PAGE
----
Trayton is now 9-years old. He has unspecified neurodevelopmental disorder with ADHD-Combined Type, which is a very tough diagnosis. that one can have, they can work with Trayton using various combined skills. The family is relieved that Trayton is finally getting the help they wanted years ago.

“I have recently seen a lot of people who got their child back who agreed to the MCFD’s terms even though they didn’t do what they were accused of. They got their child home, they agreed that they did something that they didn’t do that follows them for the rest of their life. I adjourned that CCO case I sacrificed time because at the end of the day although my son’s back home there’s a lot of trauma we are working through, it is really about holding the ministry accountable.” Boisvert said.

———————————————————————————————————————

I made a genuine and reasonable effort to contact Katrine Conroy, MLA for the Ministry of Children and Families, and John Horgan, Premier of BC, for comment and MCFD policy verification; however, they did not get back to me despite many attempts. The MCFD client relations referred me to contact one of their front-line social workers, who stated; she is not to talk to the media.

Nov-2019

My Full Interview with Alex Schadenberg

This assignment was given to us in our communications class at Okanagan College. The assignment has as its main objective a reflection of the writing process and its significance to our future professional life. To facilitate this reflection we were asked to interview someone who holds the kind of job we might like to have. This interview turned into one of the most important interviews that I will keep close to my heart. Throughout the interview I was given an eagle eye view into the depths of how MAID (Medical Assistance in Dying and Euthanasia) impacts all of us.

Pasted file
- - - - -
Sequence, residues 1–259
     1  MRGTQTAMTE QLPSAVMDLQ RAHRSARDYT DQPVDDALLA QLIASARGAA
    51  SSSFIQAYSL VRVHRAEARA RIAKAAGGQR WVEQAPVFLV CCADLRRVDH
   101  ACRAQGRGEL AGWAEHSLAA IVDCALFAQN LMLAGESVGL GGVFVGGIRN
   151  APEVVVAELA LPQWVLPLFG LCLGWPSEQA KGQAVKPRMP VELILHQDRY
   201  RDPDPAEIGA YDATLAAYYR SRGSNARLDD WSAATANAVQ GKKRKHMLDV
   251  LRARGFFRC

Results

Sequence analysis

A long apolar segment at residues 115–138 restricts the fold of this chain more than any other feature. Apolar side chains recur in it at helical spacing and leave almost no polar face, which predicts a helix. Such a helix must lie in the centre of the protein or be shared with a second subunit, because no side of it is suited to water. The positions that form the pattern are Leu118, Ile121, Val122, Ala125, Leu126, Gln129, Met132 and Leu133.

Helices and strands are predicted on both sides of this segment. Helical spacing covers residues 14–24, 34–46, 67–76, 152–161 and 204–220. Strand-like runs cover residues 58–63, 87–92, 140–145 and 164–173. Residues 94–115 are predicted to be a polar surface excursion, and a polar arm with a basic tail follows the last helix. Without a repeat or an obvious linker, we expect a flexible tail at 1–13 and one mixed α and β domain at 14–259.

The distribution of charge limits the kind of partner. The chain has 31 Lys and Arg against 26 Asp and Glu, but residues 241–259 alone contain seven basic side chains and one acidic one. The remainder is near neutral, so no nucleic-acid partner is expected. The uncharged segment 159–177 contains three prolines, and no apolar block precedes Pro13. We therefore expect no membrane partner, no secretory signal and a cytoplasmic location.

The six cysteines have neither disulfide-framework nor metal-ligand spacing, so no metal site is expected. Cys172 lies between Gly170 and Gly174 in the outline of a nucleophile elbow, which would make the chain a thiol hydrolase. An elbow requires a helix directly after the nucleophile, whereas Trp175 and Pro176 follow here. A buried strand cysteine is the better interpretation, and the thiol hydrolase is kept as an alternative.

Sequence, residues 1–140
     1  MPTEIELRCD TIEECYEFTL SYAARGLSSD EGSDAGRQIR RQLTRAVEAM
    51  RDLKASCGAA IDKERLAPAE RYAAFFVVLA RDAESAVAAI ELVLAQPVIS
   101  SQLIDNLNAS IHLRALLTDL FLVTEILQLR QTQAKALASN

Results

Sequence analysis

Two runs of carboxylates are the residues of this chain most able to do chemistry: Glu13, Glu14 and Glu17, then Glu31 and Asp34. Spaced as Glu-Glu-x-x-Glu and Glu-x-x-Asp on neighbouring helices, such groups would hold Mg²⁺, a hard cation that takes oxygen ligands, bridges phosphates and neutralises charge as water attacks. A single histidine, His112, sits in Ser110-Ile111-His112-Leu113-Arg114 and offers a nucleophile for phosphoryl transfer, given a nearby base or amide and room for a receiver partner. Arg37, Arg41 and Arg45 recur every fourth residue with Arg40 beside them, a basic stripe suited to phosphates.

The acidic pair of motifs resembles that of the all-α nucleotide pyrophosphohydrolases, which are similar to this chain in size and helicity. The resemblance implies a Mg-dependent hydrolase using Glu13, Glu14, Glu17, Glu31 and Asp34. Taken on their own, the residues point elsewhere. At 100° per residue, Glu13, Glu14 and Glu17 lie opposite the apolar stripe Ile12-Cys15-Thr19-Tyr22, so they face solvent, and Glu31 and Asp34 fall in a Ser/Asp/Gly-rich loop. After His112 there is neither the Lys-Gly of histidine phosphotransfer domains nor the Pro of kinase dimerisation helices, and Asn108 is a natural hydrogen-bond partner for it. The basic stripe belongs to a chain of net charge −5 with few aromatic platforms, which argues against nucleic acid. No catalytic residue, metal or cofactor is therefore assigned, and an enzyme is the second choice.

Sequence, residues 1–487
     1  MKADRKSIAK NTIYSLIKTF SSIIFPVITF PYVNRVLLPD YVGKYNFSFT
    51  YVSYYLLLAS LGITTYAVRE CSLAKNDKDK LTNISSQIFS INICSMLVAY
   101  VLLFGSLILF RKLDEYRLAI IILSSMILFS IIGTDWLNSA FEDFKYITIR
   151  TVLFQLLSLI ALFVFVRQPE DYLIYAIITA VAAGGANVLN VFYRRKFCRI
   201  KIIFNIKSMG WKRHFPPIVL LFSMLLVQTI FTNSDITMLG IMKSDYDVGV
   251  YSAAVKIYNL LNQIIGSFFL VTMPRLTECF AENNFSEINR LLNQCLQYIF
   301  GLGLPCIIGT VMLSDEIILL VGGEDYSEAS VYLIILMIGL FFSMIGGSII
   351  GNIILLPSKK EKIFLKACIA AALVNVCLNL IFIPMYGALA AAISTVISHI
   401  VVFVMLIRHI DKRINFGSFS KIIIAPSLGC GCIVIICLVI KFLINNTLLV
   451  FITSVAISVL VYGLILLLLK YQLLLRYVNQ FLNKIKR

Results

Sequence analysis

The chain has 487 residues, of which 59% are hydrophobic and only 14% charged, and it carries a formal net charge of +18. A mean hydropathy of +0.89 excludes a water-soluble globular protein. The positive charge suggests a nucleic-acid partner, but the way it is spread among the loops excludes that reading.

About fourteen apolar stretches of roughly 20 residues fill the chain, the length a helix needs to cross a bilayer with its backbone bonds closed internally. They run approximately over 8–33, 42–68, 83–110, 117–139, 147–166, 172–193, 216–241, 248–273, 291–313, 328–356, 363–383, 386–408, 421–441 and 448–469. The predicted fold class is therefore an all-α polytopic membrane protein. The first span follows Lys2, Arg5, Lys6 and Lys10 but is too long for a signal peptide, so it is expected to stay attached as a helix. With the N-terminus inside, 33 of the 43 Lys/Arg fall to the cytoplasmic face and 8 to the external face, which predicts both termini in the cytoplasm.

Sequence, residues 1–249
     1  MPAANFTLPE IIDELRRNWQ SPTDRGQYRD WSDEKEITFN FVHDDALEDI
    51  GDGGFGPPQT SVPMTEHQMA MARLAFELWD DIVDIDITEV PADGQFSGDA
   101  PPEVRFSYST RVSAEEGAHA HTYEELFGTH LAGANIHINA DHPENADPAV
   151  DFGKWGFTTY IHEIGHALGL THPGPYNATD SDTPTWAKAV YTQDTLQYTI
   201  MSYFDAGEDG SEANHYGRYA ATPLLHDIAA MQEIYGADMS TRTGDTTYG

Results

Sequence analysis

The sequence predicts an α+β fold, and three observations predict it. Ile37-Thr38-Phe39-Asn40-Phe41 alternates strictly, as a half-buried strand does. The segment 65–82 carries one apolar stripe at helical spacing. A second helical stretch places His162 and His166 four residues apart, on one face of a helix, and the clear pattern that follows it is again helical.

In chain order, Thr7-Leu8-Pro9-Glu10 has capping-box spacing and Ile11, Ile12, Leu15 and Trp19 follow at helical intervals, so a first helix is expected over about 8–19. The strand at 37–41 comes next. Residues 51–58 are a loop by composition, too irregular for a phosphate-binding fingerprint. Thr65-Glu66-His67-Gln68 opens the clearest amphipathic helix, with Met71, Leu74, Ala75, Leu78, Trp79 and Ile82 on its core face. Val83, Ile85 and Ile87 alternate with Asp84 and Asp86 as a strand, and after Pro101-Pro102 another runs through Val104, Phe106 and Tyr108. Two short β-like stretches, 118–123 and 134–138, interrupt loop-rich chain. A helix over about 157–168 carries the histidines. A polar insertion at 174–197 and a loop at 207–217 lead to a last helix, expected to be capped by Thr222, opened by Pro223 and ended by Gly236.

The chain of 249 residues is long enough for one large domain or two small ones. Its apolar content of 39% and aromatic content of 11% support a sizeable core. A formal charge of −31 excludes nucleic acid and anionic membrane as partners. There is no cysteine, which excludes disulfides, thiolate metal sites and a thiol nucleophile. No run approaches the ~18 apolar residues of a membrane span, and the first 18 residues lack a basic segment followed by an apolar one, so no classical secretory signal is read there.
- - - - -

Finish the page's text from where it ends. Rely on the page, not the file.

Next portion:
Coming soon……….

What it takes to REACH you

Do you believe that connecting to the audience breaks the minute we forget who we are communicating with? That is one of the fundamental lessons I am learning in my last year in Communications, Culture and Journalism Program, at the Okanagan College.

Knowing our audience is vital in all channels of communication. How we make that connection with each other is a learned art. I interviewed Alex Schadenberg, the Executive Director of the Euthanasia Prevention Coalition, for my communications assignment.

Alex Schadenberg, Executive Director of Euthanasia Prevention Coalition

During the whole interview I was hanging on Schadenberg’s every word. The interview was supposed to be only for an hour, but the time flew by, the next thing I knew it was two hours later. He spoke to me with authenticity that comes from a deep passion and drive for the love of human dignity. That is how this interview impacted me in ways that I will never forget. Just so you know I will be posting the entire interview under ‘Community Profiles’ here on my blog: https://okanaganvalleyview.com/,  once my final exams this semester are over.

I asked Schadenberg: What do you remember the most about what you learned in school about communication that stuck with you?